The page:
Imre Nagy is a communist Hungarian
who was an important figure from World War I
to the Cold War
Nagy was born on June 7, 1896, into a peasant family in Kaposvar, Hungary. During his conscription in the Austro-Hungarian army the Czarist army captured him. Nagy became a Russian citizen and a member of the Bolshevik party. Nagy participated in the communist revolution in Hungary led by Bela Kun and took a small role in Kun’s regime. After Kun’s fall on August 1, 1919, Nagy fled. During the authoritarian Horthy regime, Nagy returned to Hungary, secretly organizing an underground Communist Party, but he was fled back to Moscow in 1927.
During the Soviet occupation of Hungary after World War II, Nagy returned to Hungary and held several positions in the new government. He was made deputy premier under communist leader Matyas Rakosi but was elevated to premier after Stalin's death, when Malenkov, who became premier in the U.S.S.R., favored Nagy over the other Hungarian communists.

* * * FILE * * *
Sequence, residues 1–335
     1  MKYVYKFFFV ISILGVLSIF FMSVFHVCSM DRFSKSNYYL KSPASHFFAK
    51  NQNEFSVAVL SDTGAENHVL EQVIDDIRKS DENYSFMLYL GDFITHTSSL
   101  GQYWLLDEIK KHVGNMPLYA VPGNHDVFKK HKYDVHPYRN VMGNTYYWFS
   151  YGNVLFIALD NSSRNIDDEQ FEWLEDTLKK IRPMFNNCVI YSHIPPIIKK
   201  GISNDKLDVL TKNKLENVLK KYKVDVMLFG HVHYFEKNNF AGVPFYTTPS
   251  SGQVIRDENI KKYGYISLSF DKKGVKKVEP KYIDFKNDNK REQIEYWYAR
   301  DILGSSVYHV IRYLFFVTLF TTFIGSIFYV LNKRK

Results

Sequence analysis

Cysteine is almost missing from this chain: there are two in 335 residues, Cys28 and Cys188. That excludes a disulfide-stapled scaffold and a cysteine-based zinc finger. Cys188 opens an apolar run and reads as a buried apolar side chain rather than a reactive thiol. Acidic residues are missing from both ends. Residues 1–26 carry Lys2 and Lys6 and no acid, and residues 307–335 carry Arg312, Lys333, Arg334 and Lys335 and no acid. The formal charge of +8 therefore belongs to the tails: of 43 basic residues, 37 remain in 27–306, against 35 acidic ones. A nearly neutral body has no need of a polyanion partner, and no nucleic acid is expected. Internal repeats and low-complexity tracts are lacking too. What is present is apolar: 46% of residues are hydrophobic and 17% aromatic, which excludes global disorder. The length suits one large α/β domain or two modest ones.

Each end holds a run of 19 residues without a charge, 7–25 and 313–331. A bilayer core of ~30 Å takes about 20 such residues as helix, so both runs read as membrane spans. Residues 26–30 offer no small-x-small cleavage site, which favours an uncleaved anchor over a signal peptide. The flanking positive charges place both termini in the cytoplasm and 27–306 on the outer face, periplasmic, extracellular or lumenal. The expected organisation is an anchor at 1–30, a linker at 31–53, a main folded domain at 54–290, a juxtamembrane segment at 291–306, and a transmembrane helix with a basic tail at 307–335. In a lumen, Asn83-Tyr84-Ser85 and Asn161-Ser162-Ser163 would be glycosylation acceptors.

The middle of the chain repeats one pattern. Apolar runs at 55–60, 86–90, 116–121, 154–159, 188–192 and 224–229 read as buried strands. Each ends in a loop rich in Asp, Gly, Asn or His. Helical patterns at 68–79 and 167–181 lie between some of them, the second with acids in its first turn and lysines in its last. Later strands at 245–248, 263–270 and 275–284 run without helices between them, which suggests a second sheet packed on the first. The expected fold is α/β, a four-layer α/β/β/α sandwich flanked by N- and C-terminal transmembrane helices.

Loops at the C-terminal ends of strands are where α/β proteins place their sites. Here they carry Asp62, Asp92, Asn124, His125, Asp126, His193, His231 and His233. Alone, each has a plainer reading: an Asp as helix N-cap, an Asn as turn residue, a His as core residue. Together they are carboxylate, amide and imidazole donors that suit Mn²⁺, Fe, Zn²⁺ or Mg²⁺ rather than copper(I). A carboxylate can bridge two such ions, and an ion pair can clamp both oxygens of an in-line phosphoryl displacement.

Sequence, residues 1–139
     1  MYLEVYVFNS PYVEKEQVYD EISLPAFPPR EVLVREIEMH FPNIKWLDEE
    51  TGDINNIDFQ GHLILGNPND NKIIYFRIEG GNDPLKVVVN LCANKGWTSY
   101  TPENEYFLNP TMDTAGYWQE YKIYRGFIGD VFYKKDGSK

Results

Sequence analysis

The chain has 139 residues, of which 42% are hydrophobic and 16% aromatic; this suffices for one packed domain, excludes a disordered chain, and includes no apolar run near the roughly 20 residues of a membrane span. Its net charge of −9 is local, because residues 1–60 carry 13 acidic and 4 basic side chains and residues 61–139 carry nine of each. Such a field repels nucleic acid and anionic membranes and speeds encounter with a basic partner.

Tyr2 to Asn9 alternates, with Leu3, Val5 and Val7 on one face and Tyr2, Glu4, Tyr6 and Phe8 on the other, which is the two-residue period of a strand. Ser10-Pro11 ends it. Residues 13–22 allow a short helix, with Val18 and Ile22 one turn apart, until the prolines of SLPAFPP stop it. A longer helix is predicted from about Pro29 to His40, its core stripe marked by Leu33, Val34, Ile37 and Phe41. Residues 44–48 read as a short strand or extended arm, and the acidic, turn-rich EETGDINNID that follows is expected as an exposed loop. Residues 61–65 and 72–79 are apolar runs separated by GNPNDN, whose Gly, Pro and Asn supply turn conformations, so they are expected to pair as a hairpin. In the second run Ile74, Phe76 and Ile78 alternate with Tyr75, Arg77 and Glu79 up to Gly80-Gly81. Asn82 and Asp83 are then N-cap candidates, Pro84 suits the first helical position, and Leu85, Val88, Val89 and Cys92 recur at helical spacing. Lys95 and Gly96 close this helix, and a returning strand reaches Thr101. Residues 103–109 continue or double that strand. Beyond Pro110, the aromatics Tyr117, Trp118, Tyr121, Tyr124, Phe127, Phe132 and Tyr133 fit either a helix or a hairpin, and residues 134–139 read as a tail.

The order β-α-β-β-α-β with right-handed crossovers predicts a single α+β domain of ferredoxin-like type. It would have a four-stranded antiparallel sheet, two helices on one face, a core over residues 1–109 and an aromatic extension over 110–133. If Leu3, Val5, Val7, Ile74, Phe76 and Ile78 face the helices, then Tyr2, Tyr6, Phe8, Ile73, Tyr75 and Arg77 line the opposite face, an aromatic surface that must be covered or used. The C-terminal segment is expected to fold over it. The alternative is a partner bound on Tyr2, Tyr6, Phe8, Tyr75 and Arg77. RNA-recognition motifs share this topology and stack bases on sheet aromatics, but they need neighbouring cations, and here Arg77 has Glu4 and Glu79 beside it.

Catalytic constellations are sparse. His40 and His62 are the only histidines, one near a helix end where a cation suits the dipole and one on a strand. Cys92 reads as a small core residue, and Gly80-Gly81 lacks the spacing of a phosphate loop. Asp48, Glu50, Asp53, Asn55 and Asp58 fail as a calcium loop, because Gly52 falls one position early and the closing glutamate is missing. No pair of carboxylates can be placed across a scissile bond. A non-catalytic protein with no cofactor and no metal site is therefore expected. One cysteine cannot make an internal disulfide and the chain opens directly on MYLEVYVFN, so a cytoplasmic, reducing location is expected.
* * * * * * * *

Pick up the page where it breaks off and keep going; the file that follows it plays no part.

Nagy advocated a reformist “New Course” that included relaxing the pace of industrialization, allowing peasants to leave collective farms and relaxing police terror. However, when politics in Moscow shifted in 1955 and Malenkov fell out of favor, Nagy fell out of favor, too. He was forced to resign his post and was kicked out of the Communist Party.
The reappointment of Rakosi, a Stalinist, and Khrushchev's “secret speech” to the 20th Communist Party Congress, events in Poland, domestic events in Hungary, and the reburial of victims of the Hungarian Stalinist purges, all led to widespread unrest.
An emergency meeting of the party Central Committee on the night of October 23 appointed Nagy prime minister. During his brief tenure as prime minister (only 10 days) during the Hungarian Revolution, Nagy attempted to bring events under control, working within the bounds set by the Soviets while reforming Hungarian politics. He offered amnesty to the demonstrators, abolished the one-party system and thought that he had negotiated the withdrawal of Soviet troops from Hungary. However, when he realized that he had been deceived by the Soviets, he withdrew Hungary from the Warsaw Pact and declared Hungarian neutrality.
The Soviets invaded Budapest on November 4, 1956. Unable to escape the Soviets, Nagy was captured. After trying to persuade him to accept the government of Janos Kadar Nagy was jailed and then executed on June 16, 1958.